En EspaŅol

Q. Who is Mr. Smarty Plants?

A: There are those who suspect Wildflower Center volunteers are the culpable and capable culprits. Yet, others think staff members play some, albeit small, role. You can torture us with your plant questions, but we will never reveal the Green Guru's secret identity.

Help us grow by giving to the Plant Database Fund or by becoming a member

Did you know you can access the Native Plant Information Network with your web-enabled smartphone?

Share

Ask Mr. Smarty Plants

Ask Mr. Smarty Plants is a free service provided by the staff and volunteers at the Lady Bird Johnson Wildflower Center.

Search Smarty Plants
    
 
See a list of all Smarty Plants questions
Can't find the answer in our existing FAQs, submit a question to Mr. Smarty Plants.
Need help with plant identification, visit the plant identification page.
 
rate this answer
Not Yet Rated

Friday - December 23, 2005

From: Roswell, NM
Region: Southwest
Topic: Medicinal Plants
Title: Dumb question about prickly pear
Answered by: Nan Hampton

QUESTION:

This is probably a really dumb question but I am interested in picking the prickly pear next year when it is in season, and was wondering the best way to get all of the little stickers off of the pear. Also, what is the best way to use them for medicinal purposes. Thank you.

ANSWER:

The easiest way to remove the small fine stickers (called glochids) is to burn them off. The Spring 2005 issue of our magazine, Native Plants has a "How to" article describing the process. We recommend using a kitchen propane torch, the kind you use for making Creme Brulee, for the glochids and using a paring knife to remove the larger thorns. It would also be possible to remove the glochids using the flame on your gas cooking top. Spear the prickly pear fruit (called a tuna) on a barbecue fork and rotate it over the flame until the glochids have burned off. (From painful personal experience I can tell you this doesn't work over a candle. The flame is not hot enough to successfully burn off all the glochids.)

An article from Gourmet Sleuth describes a method for removing the spines from the the tunas and the nopalitos (the cactus pads) that doesn't involve flames. Their method is to peel them—very carefully, of course. This page also talks about the medicinal uses which include lowering LDL cholesterol levels. On the Native American Ethnobotany web page of the University of Michigan you can enter "Opuntia" as the search term and find references to other medicinal and culinary uses for the various parts of the prickly pear cactus.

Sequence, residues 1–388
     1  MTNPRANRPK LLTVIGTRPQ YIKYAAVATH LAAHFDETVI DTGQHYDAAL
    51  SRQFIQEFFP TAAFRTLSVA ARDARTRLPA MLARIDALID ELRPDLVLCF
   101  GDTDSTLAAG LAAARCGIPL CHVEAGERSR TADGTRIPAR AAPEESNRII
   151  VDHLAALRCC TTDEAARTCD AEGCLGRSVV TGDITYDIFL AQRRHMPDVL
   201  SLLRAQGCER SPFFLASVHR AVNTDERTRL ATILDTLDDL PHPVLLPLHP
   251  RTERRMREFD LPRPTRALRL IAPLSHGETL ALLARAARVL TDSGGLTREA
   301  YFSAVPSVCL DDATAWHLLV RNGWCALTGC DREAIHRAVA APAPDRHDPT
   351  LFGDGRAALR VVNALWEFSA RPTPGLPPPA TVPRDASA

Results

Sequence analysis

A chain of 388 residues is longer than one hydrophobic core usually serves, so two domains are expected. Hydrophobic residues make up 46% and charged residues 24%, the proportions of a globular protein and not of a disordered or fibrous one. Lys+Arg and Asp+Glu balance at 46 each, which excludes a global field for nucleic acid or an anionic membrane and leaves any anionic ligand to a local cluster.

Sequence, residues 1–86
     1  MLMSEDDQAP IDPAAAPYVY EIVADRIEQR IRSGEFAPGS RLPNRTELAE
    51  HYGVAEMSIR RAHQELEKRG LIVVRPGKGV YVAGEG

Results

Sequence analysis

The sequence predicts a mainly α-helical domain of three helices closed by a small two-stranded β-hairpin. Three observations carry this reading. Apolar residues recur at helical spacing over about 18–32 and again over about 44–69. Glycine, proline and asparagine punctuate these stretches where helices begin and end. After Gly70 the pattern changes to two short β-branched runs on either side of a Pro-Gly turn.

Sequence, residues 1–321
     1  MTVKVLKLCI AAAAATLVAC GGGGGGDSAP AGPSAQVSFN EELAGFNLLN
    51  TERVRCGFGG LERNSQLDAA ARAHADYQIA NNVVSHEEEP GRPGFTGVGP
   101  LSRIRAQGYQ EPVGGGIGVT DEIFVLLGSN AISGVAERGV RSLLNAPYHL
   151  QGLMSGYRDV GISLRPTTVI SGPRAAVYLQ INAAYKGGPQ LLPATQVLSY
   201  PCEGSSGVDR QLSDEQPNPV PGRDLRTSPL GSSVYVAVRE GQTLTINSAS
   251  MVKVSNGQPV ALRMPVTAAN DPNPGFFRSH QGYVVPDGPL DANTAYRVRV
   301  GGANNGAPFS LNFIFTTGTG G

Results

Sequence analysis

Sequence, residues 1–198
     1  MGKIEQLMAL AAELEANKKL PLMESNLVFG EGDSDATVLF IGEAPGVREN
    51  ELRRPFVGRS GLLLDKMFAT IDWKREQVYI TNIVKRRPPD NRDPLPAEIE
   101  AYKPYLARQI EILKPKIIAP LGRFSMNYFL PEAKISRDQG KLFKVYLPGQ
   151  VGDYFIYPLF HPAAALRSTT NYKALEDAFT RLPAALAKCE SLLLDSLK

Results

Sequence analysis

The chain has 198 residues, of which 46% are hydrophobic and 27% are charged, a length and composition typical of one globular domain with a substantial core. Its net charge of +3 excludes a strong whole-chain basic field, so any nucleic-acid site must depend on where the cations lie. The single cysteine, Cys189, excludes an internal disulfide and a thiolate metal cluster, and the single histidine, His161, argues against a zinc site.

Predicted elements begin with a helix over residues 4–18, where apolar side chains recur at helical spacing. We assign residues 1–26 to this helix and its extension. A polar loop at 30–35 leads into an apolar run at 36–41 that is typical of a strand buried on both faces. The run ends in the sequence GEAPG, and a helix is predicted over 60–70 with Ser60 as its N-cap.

More Medicinal Plants Questions

medicinal uses of Rudbeckia triloba
September 16, 2009 - Browneyed Susan, Brown-eyed-Susan, Thin-leaved coneflower, Three-lobed Rudbeckia Rudbeckia triloba L My question relates to the above species. I am doing research on historically medicinal plants...
view the full question and answer

Medicinal plants in North Texas
August 02, 2009 - Hi, I would appreciate some sort of list for medicinal plants in North Tx. I'm a photographer wanting to photograph this type of plant life. Thanks!!
view the full question and answer

Information on medicinal plant uses by Dakota Indians
November 29, 2006 - I would like to know what the plants were that were used for medicinal purposes by the plains Indians in the Dakotas. Is there a place/site that I can go to to research the data?
view the full question and answer

Food and medicinal value of Parsley Hawthorn
March 01, 2013 - I have found several sites that talk about how the parsley hawthorn is edible and how the hawthorn berry in general is really great for the heart, but I did not find any mention of this on your info a...
view the full question and answer

Shrub with thorns, black fruit and citrus fragrance in Michigan
September 19, 2014 - I'm not sure that my plant is a native, but I'm hoping to find some answer. There is a small patch of roadside shrubs on my property which I've been unable to identify. They have simple opposite ...
view the full question and answer

Smarty Plants's Facebook profile Support the Wildflower Center by Donating Online or Becoming a Member today.

Mr. Smarty Plants wants you to be his Facebook friend. Click the Facebook icon to add yourself to Mr. Smarty Plants list of friends.
E-NEWSLETTER | BECOME A MEMBER | DONATE NOW | MEDIA | SITEMAP | STAFF
© 2015 Lady Bird Johnson Wildflower Center